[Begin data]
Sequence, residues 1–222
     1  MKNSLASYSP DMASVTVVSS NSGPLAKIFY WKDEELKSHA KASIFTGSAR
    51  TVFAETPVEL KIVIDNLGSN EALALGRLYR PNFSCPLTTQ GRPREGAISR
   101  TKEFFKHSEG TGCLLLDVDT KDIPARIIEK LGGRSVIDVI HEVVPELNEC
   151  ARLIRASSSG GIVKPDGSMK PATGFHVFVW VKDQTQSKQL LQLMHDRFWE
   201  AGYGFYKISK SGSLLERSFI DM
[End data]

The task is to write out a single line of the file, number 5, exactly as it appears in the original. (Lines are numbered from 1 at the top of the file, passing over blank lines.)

   151  ARLIRASSSG GIVKPDGSMK PATGFHVFVW VKDQTQSKQL LQLMHDRFWE